echeveria 2022-03-28 10:30am

Tanked oxy may be your best option to maximize your heat on a small torch. You will need an oxy regulator in that case.

Ditto on the outsourcing question, or maybe rent time in an existing studio.

Alaska 2022-03-29 1:36pm

Take a look at "The Melting Pot" glass site for your question.

LaserMakerMaybe 2022-03-29 4:54pm

Firstly, Thanks everyone for the responses!

rcktscientist. Sorry, I was a little unclear for budget, The <$1k would be just for the torch, oxygen, regulators and hoses. Just the torch setup. I had originally planned the whole project for $1k, which I am at now, so I'm just going to have to raise the budget to get the right torch setup. I think I already have all the other necessary stuff, I've got boro tubes, proper didymium glasses w/#3, swivel etc.
I might be able to have someone else do the work, but I kinda want to be able to say I did the project myself, and it feels like cheating to just outsource the most important part. I also might end up doing a bunch of experimenting with different designs, so don't want to have someone else build it several times. If I knew what I was doing it and just wanted the end produce, I would agree, that it probably would be much easier and cheaper to outsource it.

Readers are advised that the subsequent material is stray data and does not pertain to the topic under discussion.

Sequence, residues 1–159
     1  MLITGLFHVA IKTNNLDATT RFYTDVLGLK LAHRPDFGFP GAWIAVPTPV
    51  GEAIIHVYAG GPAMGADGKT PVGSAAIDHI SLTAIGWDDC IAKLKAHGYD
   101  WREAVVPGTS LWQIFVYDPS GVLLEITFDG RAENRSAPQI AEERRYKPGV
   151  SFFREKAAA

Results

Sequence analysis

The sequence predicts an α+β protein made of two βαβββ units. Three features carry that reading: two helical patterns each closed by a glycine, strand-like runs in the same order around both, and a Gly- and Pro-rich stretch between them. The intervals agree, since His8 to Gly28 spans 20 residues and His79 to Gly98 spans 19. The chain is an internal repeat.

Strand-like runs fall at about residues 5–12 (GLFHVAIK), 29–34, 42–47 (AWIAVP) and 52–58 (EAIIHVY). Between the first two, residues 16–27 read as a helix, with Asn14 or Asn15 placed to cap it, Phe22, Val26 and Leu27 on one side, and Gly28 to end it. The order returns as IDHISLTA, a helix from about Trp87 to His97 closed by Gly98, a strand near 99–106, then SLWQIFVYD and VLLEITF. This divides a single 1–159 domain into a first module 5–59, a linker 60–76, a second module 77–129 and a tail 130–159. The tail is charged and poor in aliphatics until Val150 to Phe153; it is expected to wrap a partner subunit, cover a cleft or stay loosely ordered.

I'm near SW Michigan, I only know of one neon sign shop. Someone is setting up a new makerspace and I considered proposing they including some lampwork stuff, but I don't want to wait on that.

I actually did look at also posting my question on that site, but I can't make an account! It just shows a blank white screen and "File not found.". It does the same for all web browsers, mobile. Even the subforums, like "request Box" that might allow posting without an account wouldn't let me post.

rcktscientist 2022-03-30 8:57am

In that case, you may want to buy a hand torch/bunsen combo. Sealing tubing to tubing will be easiest with a hand torch and the bunsen will extend your working time. A National 3B-B torch with a few tips and a stand, an Eisco meker burner, and required hoses/fittings is a fantastic start for around $300. Plus, all easily resold. Regulators will run you about $200 for a set. So, your torch set up can be had for $500, not too bad.

Quick question:
How are you annealing finished work?... or in other words, how are you keeping internal stresses in the acceptable range? (to ensure fatigue from vacuum cycles does not lead to failure of a joint)

Btw, I had the same issue with The Melting Pot. No way to sign up, communicate, or anything.

phentron 2022-03-30 5:46pm

I assume you have studies methods of sealing tungsten with glass?
What type of optical window are you using? Quartz to glass seal is a bigger technical problem. Consider obtaining a pre-mounted quartz window (in a metal frame?) & glue, O-ring, etc this to the end of your tube.
How are you aligning the mirrors in the tube?

If you are considering high power laser, you will need water cooling coils in the tube – this will greatly increase glass working skills (& require kiln annealing).